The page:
United States District Court, D. Arizona
A. Bowman United States Magistrate Judge.
plaintiff filed this action for review of the final decision
of the Commissioner for Social Security pursuant to 42 U.S.C.
§ 405(g). (Doc. 1, p. 1); see also 42 U.S.C.
Magistrate Judge presides over this case pursuant to 28
U.S.C. § 636(c) having received the written consent of
both parties. See Fed.R.Civ.P. 73; (Doc. 22)
court finds that the final decision of the Commissioner at
step five of the disability analysis is supported by
substantial evidence and free from legal error.
gave specific and legitimate reasons for discounting the
opinion of the treating physician. She gave clear and
convincing reasons for discounting the claimant's
subjective testimony of disability. Her step 2 determination
was not reversible error.
March 18, 2013, Valenzuela filed for supplemental security
income pursuant to Title XVI of the Social Security Act. (Tr.
130) She alleged disability beginning on January 1, 2012, due
to fibromyalgia, PTSD, depression/anxiety, chronic migraine,
carpal tunnel, chronic spondylosis w/out myelopathy, cervical
radiculopathy, and neuralgia neuritis. (Tr. 130, 164).
claims were denied initially (Tr. 92-95) and upon
reconsideration (Tr. 96-98). Valenzuela requested review and
appeared with counsel at a hearing before Administrative Law
Judge (ALJ) Jasmin Elias on December 2, 2015. (Tr. 37) In her
decision, dated February 4, 2016, the ALJ found Valenzuela
was not disabled. (Tr. 19-29) Valenzuela appealed, and on
April 10, 2017, the Appeals Council denied review making the
decision of the ALJ the final decision of the Commissioner.
(Tr. 1-3) Valenzuela subsequently filed this action appealing
that decision. (Doc. 1)
Work History and Medical History
was born in July of 1963. (Tr. 42) She was 52 years old when
the ALJ issued her decision in February of 2016. (Tr. 29,
graduated from high school and has some college education.
(Tr. 43) She worked briefly as a bartender, a concrete form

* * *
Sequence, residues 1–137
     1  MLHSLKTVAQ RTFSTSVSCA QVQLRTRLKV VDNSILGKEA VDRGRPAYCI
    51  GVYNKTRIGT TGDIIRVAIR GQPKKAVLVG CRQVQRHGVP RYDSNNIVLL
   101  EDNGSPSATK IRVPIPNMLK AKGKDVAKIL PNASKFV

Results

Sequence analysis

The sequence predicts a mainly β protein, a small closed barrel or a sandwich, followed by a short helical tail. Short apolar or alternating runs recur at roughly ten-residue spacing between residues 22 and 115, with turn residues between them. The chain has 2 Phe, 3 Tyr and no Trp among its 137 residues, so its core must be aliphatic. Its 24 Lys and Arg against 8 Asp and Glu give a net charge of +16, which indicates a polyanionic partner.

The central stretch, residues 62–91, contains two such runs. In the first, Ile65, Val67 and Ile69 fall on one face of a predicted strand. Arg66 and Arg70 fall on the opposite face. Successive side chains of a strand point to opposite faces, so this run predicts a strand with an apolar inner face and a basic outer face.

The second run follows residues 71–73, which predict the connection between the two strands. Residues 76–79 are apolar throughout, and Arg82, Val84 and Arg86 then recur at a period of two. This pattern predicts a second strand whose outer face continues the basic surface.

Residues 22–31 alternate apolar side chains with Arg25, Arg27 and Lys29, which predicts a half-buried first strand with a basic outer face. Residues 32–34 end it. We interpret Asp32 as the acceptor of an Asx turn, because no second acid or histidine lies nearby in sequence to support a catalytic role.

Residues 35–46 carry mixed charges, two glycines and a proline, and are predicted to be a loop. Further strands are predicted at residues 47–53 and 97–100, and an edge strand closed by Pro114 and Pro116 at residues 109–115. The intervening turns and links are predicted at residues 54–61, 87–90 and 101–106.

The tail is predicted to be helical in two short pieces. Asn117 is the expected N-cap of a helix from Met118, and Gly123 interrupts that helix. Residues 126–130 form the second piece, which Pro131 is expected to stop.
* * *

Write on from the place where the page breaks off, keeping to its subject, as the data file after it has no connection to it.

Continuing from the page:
setter, and a grocery stock worker. (Tr. 165) None of her
jobs qualifies as “past relevant work.”
December of 2013, a psychologist identified as G.R.L., Ph.D.,
reviewed the medical record for the disability determination
service and offered an opinion of Valenzuela's mental
limitations. (Tr. 65) G.R.L. diagnosed Valenzuela with
affective disorder and anxiety disorder. (Tr. 64) G.R.L. then
evaluated Valenzuela's “B” listing criteria,
which gauge the severity of her limitations. See 20
C.F.R. § 416.920a(c)(3). G.R.L. found Valenzuela has
“mild” restrictions of her daily activities;
“moderate” difficulties in maintaining social
functioning; “moderate” difficulties in
maintaining concentration, persistence, or pace; and no
evidence of decompensation. (Tr. 64) G.R.L. further opined
that the medical evidence did not establish the presence of
the “C” criteria, which are an alternative gauge
of the extent of her mental impairment. (Tr. 65)
found Valenzuela is markedly limited in her ability to
understand and remember detailed instructions. (Tr. 69) She
is markedly limited in her ability to carry out detailed
instructions and moderately limited in her ability to
maintain attention and concentration for extended periods.
(Tr. 69) She is markedly limited in her ability to interact
appropriately with the general public. (Tr. 70) G.R.L. opined
that Valenzuela can perform simple tasks with routine
supervision. (Tr. 70) She can relate to supervisors and peers
but cannot relate to the general public. (Tr. 70)
April of 2014, Burnard Pearce, Ph.D., reviewed the medical
record for the disability determination service and offered
an opinion of Valenzuela's mental limitations. (Tr. 81)
He diagnosed Valenzuela with affective disorder, anxiety